The NYC Green Heatmap: Visualizing New York's Farmers Markets, Street Trees, and Major Parks

January 25, 2015

You know those crisp New York mornings when you roll out of bed, take a stroll down your densely tree-lined block, stop in at the nearby farmers market for some farm-fresh goat cheese and a jug of locally made cider, and then lay out a blanket in the closest public park so you can pig out on all that free-range, organic goodness before letting a well-earned food coma -- and the sweet rhythms of public radio programming -- take you away to lullaby land?

Oh no?

Well, according to AddressReport's NYC Green Heatmap (posted below) -- which visualizes the density of sidewalk trees on each block of Manhattan, as well as the locations of Manhattan's farmers markets and major parks -- you could live in hobbit heaven on the regular if you got yourself an apartment in one of several green-blessed Manhattan neighborhoods.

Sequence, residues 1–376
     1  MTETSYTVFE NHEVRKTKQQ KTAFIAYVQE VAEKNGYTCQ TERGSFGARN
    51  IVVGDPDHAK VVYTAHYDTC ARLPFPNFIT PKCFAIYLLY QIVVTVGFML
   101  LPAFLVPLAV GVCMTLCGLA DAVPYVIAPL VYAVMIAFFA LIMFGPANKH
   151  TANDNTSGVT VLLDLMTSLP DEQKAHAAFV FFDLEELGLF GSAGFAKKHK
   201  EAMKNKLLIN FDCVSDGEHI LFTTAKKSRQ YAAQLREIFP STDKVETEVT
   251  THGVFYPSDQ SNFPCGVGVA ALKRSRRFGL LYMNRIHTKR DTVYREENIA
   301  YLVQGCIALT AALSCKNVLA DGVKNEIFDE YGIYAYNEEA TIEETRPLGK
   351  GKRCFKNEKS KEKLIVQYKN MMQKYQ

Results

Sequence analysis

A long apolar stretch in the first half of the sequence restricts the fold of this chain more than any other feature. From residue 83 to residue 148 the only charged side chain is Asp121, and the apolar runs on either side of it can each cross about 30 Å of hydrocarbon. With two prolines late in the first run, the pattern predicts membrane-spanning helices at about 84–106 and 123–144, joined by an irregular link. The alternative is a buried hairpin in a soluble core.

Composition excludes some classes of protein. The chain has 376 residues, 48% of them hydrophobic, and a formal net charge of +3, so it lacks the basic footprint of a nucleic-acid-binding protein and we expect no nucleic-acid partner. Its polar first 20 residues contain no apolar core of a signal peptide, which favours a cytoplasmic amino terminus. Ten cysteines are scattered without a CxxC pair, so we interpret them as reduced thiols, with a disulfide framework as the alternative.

The NYC Green Heatmap by AddressReport

NYC Green Heatmap - Manhattan Trees, Parks, and Farmers Markets

As illustrated by the areas of the heatmap highlighted in bright green (representing high concentrations street trees) and the icons depicting parks and farmers markets, the Manhattan neighborhoods for green lovers include Morningside Heights, the Upper West Side (especially around 81st and Columbus), the Upper East Side (especially around 86th and York), Alphabet City (really!), Union Square (extra bonus points for its awesome farmers market), slices of the West Village, and a handful of pockets in between.

And yes, before you ask, of course there's a Brooklyn Green Heatmap as well.

 

The Manhattan Food Delivery Heatmap: Where to Live in NYC If You Love to Order In

January 19, 2015